Check out the new USENIX Web site.
USENIX, The Advanced Computing Systems Association

16th USENIX Security Symposium Abstract

Pp. 167182 of the Proceedings

BotHunter: Detecting Malware Infection Through IDS-Driven Dialog Correlation

Guofei Gu, Georgia Institute of Technology; Phillip Porras, Vinod Yegneswaran, and Martin Fong, SRI International; Wenke Lee, Georgia Institute of Technology


We present a new kind of network perimeter monitoring strategy, which focuses on recognizing the infection and coordination dialog that occurs during a successful malware infection. BotHunter is an application designed to track the two-way communication flows between internal assets and external entities, developing an evidence trail of data exchanges that match a state-based infection sequence model. BotHunter consists of a correlation engine that is driven by three malware-focused network packet sensors, each charged with detecting specific stages of the malware infection process, including inbound scanning, exploit usage, egg downloading, outbound bot coordination dialog, and outbound attack propagation. The BotHunter correlator then ties together the dialog trail of inbound intrusion alarms with those outbound communication patterns that are highly indicative of successful local host infection. When a sequence of evidence is found to match BotHunter's infection dialog model, a consolidated report is produced to capture all the relevant events and event sources that played a role during the infection process. We refer to this analytical strategy of matching the dialog flows between internal assets and the broader Internet as dialog-based correlation, and contrast this strategy to other intrusion detection and alert correlation methods. We present our experimental results using BotHunter in both virtual and live testing environments, and discuss our Internet release of the BotHunter prototype. BotHunter is made available both for operational use and to help stimulate research in understanding the life cycle of malware infections.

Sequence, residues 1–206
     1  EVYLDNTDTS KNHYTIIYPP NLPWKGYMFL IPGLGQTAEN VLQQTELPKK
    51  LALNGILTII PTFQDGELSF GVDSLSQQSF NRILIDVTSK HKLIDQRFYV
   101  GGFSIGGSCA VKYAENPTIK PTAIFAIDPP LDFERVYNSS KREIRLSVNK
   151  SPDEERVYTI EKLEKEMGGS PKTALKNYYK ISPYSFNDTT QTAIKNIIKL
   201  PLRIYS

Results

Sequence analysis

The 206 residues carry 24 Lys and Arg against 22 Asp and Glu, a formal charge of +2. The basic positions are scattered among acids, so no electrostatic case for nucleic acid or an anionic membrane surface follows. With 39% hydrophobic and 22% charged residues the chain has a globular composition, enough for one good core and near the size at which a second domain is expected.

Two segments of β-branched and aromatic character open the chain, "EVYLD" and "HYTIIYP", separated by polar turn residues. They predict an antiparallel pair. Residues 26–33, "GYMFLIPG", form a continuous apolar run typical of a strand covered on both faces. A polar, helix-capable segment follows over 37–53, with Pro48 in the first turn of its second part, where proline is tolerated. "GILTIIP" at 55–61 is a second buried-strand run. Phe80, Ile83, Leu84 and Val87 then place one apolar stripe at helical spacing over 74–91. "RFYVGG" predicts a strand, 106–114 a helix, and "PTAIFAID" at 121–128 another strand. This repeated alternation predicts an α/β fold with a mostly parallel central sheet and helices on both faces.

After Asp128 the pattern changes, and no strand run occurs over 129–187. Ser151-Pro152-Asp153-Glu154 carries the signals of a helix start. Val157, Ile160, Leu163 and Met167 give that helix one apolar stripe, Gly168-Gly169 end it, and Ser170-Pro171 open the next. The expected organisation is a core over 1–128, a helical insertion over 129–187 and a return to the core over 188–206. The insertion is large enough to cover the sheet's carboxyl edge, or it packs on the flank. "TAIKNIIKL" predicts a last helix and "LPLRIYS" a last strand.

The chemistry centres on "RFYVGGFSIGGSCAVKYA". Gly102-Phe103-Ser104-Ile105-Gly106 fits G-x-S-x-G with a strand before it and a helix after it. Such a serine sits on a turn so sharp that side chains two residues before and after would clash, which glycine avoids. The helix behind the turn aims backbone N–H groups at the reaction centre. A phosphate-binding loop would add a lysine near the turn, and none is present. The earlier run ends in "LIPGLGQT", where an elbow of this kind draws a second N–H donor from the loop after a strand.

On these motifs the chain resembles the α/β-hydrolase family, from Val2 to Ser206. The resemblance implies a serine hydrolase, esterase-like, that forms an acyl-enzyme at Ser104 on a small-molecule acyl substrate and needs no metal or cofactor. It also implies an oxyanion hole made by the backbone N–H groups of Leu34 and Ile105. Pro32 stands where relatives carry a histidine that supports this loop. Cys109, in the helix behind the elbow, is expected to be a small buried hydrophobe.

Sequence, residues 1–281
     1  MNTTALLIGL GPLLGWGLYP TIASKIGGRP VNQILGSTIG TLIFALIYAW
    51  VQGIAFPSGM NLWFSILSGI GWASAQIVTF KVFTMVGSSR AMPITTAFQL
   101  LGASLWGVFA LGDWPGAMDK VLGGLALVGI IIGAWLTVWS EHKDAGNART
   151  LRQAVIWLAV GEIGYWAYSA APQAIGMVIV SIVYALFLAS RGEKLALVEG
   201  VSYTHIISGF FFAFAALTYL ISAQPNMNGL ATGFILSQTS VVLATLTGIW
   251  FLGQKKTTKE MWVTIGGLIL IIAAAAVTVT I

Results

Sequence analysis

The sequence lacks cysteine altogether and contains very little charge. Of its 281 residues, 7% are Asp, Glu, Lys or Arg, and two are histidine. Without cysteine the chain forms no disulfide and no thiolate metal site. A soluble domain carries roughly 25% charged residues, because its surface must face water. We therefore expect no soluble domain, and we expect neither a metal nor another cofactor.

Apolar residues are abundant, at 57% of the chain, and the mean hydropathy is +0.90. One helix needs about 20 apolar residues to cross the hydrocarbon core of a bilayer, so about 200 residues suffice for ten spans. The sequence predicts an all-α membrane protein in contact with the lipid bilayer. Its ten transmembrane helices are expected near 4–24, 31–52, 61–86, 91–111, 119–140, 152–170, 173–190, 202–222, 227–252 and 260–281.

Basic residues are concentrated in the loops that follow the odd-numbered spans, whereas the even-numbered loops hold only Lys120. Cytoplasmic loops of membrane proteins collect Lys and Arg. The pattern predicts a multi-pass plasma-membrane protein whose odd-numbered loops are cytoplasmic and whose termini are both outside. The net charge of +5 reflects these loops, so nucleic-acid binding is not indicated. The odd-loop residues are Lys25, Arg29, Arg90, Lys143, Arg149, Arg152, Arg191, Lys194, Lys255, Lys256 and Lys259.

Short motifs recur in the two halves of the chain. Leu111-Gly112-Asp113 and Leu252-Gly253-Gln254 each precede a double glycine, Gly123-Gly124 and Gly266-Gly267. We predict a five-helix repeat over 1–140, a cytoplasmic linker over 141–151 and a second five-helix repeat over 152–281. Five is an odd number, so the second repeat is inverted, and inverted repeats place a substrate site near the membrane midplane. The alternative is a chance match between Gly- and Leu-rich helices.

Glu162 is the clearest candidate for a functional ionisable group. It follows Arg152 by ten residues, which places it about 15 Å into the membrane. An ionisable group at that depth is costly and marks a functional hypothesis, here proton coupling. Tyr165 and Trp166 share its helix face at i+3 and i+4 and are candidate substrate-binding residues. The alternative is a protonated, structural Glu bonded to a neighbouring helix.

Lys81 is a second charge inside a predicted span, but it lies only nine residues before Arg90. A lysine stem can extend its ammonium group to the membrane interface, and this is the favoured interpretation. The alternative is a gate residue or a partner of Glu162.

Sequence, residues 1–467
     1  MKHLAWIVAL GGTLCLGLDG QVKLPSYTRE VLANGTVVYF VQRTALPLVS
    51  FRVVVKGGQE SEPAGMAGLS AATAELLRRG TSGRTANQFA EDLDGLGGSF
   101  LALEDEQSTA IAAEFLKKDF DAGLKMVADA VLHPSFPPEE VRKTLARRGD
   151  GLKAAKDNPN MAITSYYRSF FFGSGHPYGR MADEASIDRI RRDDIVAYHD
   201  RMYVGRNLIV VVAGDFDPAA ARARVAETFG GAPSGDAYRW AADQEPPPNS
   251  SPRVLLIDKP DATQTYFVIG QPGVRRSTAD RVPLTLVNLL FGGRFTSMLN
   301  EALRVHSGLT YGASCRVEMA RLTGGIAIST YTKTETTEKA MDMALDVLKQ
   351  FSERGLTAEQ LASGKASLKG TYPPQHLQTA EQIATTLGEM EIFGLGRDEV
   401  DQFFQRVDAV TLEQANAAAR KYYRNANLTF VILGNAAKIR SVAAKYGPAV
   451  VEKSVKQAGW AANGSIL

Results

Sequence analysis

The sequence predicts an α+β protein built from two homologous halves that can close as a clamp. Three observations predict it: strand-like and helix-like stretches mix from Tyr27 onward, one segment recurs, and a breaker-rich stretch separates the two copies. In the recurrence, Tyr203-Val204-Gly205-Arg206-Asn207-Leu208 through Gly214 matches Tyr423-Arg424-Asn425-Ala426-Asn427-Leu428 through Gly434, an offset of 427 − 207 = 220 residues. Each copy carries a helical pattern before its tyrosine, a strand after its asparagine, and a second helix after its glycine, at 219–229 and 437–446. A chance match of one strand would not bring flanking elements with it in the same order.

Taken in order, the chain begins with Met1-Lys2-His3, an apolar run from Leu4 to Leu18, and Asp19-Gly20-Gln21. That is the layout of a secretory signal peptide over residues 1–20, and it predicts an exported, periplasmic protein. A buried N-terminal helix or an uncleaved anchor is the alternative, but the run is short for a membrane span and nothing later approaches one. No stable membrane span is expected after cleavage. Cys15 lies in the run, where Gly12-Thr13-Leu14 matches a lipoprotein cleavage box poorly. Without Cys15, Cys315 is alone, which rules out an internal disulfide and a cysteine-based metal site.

• View the full text of this paper in HTML and PDF. Listen to the presentation in MP3 format.
    Click here if you have forgotten your password Until August 2008, you will need your USENIX membership identification in order to access the full papers. The Proceedings are published as a collective work, 2007 by the USENIX Association. All Rights Reserved. Rights to individual papers remain with the author or the author's employer. Permission is granted for the noncommercial reproduction of the complete work for educational or research purposes. USENIX acknowledges all trademarks within this paper.
To become a USENIX member, please see our Membership Information.

Last changed: 20 Sept. 2007 ac